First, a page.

A look at the design, market and legacy of Victorian pottery

Monday, May 27, 2013

Majolica Cups and Saucers

When you consider the prodigious quantities that must have been produced during their heyday, there are relatively few majolica cups and saucers available today for the collector. It seems that only mustache cups, which were potted in much smaller quantities and received much less use than their regular c&s brethren, have survived to be collected today. We did a post about majolica mustache cups quite some time ago so I thought today we'd concentrate on regular cups and saucers.

Cups and saucers were produced by all the potteries, major and minor, that produced majolica. As you might guess, the most exquisite were produced by George Jones and Minton, often in creative designs to compliment the teapots they were made to match.

Of course other companies like Wedgwood, Fielding and Holdcroft made cups and sauces as well as did other English companies. These too are very difficult to find, particularly some of the more delicate designs.

On the other side of the Atlantic, teacups and saucers were made by American firms as well.
The most famous of course would be the Shell cup & saucers made by the Etruscan Works but the company also made cups and saucers in other patterns as well.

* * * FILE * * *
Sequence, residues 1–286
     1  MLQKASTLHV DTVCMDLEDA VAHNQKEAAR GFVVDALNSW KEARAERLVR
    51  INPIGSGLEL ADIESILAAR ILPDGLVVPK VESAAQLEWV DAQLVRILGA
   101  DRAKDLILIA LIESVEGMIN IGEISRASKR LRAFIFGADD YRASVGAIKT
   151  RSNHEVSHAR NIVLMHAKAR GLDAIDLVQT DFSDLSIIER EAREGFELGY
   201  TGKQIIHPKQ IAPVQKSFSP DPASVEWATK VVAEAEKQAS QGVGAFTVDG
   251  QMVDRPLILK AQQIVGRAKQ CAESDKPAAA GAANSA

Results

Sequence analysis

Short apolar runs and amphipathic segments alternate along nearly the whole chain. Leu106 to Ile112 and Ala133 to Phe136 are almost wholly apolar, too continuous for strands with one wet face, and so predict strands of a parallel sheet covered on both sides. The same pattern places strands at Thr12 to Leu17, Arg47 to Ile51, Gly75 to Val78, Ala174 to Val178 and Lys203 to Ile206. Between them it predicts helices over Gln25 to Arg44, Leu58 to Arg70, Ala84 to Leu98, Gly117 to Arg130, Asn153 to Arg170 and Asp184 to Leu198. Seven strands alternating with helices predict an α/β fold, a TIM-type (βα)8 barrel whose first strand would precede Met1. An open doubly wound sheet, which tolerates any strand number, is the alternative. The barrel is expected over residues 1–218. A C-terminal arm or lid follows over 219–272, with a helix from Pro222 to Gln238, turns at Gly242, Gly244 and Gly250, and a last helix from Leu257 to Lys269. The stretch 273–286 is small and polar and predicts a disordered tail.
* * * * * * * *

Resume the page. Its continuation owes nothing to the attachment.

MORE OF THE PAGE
The French, Portuguese and Germans made cups and saucers with some patterns still in production today.

When buying cups and saucers you should always check the handle of the cup, which is the most fragile part of the teacup, for cracks or repairs. It's also a good idea to buy individual cups without their saucers, because saucers are usually much more plentiful and easier to replace in a missing set.

Prices for tea cup sets are all over the place with some of the more elaborate sets running into the hundreds or thousands of dollars while others will only cost you about $50. 
As always, do your homework and you're bound to get a fair price.

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